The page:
• Always offer room-temperature food. It should not be heated or chilled.
  • Any food you offer a baby bird should be moist and spongy, but not dripping with water. Baby birds don’t know how to swallow water without choking.
  • Tiny birds need tiny bites. Mince or grind food so it is easy for the bird to swallow.
  • Never force a bird’s bill open to make it eat. Drop the food into the bird’s waiting mouth, or wait for another opportunity to do your feeding.

It is always best to take an abandoned baby bird to a wildlife rescue center or an experienced wildlife rehabber as soon as possible.

Wildlife rehabbers can not only make sure the bird gets an appropriate diet, they can also teach it how to get food on its own.

Licensed wildlife rehabbers give abandoned birds their best chance to survive and thrive in the wild on their own.

Frequently Asked Questions About Taking Care of Abandoned Baby Birds

Q. What Do You Do First When You Find A Baby Bird?

A. When you find a baby bird on the ground, or your cat has brought one to you, the very first thing to do is to put it in a safe place.

Pick it up gently. Use a soft washcloth or a tea towel if you would rather not touch it directly. Then put it in a box.

Any kind of box with air holes and a loose-fitting lid will work. You just want to get the baby bird into a dark place so it will feel more secure while you figure out what to do next.

The next thing you need to do is to determine whether you are rescuing a nestling or a fledgling.

Nestlings have not yet left the nest on their own. Fledglings have made their first attempt at flight, but if you are finding them on the ground, they weren’t ready yet.

You are much more likely to find a fledgling than a nestling. They spend more time on the ground, and they are much more likely to be caught by a cat.

Fledglings usually look scruffy. They have all of their feathers, but they don’t look as neat as the feathers of an adult.

If the bird you have found is a fledgling, the help it needs most is safety.

Put the fledgling in a box, and then transfer the box to a location where it won’t be attacked by a predator.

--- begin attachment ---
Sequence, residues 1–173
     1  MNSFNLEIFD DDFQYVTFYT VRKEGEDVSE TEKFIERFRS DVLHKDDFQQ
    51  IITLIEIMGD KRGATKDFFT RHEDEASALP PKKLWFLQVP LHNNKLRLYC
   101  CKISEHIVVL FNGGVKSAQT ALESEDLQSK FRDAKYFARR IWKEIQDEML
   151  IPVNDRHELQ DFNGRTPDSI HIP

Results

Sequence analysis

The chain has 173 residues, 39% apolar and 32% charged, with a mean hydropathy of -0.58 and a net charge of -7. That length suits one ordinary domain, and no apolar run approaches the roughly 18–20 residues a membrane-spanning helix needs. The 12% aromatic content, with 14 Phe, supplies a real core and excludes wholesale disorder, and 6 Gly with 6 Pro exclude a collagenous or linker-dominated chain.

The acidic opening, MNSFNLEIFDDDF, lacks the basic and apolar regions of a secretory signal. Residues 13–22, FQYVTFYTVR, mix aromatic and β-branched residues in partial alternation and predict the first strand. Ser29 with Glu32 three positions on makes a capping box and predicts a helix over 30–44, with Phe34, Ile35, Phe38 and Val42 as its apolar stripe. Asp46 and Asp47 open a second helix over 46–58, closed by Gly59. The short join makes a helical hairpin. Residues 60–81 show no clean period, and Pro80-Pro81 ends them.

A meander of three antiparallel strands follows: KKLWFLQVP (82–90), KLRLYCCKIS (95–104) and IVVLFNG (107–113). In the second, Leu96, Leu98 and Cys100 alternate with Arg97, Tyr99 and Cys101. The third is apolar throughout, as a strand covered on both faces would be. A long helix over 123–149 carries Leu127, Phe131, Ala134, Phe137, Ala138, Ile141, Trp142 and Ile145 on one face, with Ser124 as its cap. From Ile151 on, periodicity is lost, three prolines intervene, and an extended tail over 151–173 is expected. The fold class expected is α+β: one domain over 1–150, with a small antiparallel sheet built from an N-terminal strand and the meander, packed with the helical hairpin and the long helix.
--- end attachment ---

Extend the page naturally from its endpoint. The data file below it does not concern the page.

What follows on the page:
Open the lid and let the bird try to fly again when it is ready. Its parents may be nearby, waiting with food.

Contrastingly, nestlings will have few or no feathers. You may find more than one nestling on the ground, if something has disturbed the nest.

When you find nestlings, the first thing to do is to look for their nest. If you find the nest, pop them right back in and leave them for their mother to discover and take care of.

If you find the entire nest intact, try putting it back where you have seen it before.

If the nest is damaged, place it in a pot with some soft nesting material, and wire the pot to a tree limb or a bush.

Don’t consider trying to hand-rear a baby bird until you have made every effort to return it to its nest.

Only if there is no sign of a parent after several hours should you consider taking care of the bird yourself.

Q. How Do You House An Abandoned Baby Bird?

A, When you commit to taking care of an abandoned baby bird, you will need to find somewhere for it to live until it is old enough to take care of itself.

Housing fledglings is easy, since they have already left the nest. You just need to provide them with a safe space in your yard that they can escape when they are ready to go off on their own.

To take care of a nestling, you need to keep in mind that they are messy. They will need a box lined with some kind of non-slip material that is easy to clean.

Nestlings also need some soft material on which to rest, because their bodies are not yet ready to support them.

They need nesting materials underneath their bodies to support normal bone development.

Place a nestling bird box in a quiet, warm, pet-proof place. Don’t use a heat lamp unless the room is very cold, because young birds cannot move if they start to overheat.

Q. What Do I Feed A Fledgling?

A. Fledgling birds are much easier to feed than nestling birds. Try offering a mixture of birdseed and mealworms.

The fledgling will accept its preferred food. You may need to offer the mealworms with tweezers, holding them in front of the fledgling, until it gets used to eating them from a dish.

Place a dish of water in the fledgling’s box, but let it drink on its own.